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Dissolution of the Lesser Monasteries Act

Dissolution of the Lesser Monasteries Act

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The Act for the Dissolution of the Lesser Monasteries – (citation 27 Henry VIII. c. 28) was an Act of the English Reformation Parliament of 1535/36, the beginning of the legal process by which King Henry VIII
Henry VIII of England
Henry VIII was King of England from 21 April 1509 until his death. He was Lord, and later King, of Ireland, as well as continuing the nominal claim by the English monarchs to the Kingdom of France...

 set about the Dissolution of the Monasteries
Dissolution of the Monasteries
The Dissolution of the Monasteries, sometimes referred to as the Suppression of the Monasteries, was the set of administrative and legal processes between 1536 and 1541 by which Henry VIII disbanded monasteries, priories, convents and friaries in England, Wales and Ireland; appropriated their...

. It is also referred to as the Suppression of Religious Houses Act 1535, as it was enacted in February 1535 Old Style
Old Style and New Style dates
Old Style and New Style are used in English language historical studies either to indicate that the start of the Julian year has been adjusted to start on 1 January even though documents written at the time use a different start of year ; or to indicate that a date conforms to the Julian...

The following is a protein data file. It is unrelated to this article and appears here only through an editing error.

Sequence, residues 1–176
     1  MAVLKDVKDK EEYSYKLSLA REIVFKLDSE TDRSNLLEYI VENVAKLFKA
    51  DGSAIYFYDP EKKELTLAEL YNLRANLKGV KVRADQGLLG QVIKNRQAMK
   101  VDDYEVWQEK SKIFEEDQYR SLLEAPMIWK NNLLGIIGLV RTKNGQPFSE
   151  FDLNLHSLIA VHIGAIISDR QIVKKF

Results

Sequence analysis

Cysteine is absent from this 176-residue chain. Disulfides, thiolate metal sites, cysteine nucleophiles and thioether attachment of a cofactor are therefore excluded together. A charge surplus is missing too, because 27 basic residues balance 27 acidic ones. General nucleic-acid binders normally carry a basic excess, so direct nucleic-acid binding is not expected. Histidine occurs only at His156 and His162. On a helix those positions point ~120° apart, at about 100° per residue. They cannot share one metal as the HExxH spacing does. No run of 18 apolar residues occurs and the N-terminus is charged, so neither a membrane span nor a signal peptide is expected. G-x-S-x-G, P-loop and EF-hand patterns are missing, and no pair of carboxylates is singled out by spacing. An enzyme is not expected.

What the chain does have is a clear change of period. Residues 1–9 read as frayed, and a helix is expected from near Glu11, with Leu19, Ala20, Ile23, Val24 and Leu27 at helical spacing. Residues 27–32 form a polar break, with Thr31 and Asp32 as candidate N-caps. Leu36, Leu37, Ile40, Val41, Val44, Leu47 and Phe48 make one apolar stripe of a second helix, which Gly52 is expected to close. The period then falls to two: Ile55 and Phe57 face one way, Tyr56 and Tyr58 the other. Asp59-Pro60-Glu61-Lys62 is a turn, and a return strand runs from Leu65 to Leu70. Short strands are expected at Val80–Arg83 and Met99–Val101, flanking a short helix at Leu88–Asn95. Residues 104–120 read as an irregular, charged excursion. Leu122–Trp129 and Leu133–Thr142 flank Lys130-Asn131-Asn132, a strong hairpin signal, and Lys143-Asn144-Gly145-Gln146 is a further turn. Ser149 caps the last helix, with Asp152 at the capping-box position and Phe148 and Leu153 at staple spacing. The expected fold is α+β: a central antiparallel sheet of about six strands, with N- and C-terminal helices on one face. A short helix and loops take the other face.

From the 14th century onwards, several pope
The Pope is the Bishop of Rome, a position that makes him the leader of the worldwide Catholic Church . In the Catholic Church, the Pope is regarded as the successor of Saint Peter, the Apostle...

s had granted licenses for the suppression of religious houses in England.

The breakdown of relations between Henry VIII and the Church in Rome, prompted by his marriage to Anne Boleyn
Anne Boleyn
Anne Boleyn ;c.1501/1507 – 19 May 1536) was Queen of England from 1533 to 1536 as the second wife of Henry VIII of England and Marquess of Pembroke in her own right. Henry's marriage to Anne, and her subsequent execution, made her a key figure in the political and religious upheaval that was the...

, resulted in the Statute in Restraint of Appeals
Statute in Restraint of Appeals
The Statute in Restraint of Appeals – short title Ecclesiastical Appeals Act 1532 – was an English parliamentary Act of 1533, considered by many historians to be the key legal foundation of the English Reformation....

 of 1533, forbidding all appeals to the Pope in Rome on religious or other matters. Pope Clement VII
Pope Clement VII
Clement VII , born Giulio di Giuliano de' Medici, was a cardinal from 1513 to 1523 and was Pope from 1523 to 1534.-Early life:...

 responded by announcing Henry's provisional excommunication
Excommunication is a religious censure used to deprive, suspend or limit membership in a religious community. The word means putting [someone] out of communion. In some religions, excommunication includes spiritual condemnation of the member or group...

, and the hostility between the king and the pope escalated. In the words of John Burton's Monasticon Eboracense (1758) –

Parliament of England
The Parliament of England was the legislature of the Kingdom of England. In 1066, William of Normandy introduced a feudal system, by which he sought the advice of a council of tenants-in-chief and ecclesiastics before making laws...

 met on 4 February 1535/36 and received a digest of the report Valor Ecclesiasticus
Valor Ecclesiasticus
The Valor Ecclesiasticus was a survey of the finances of the church in England, Wales and English controlled parts of Ireland made in 1535 on the orders of Henry VIII....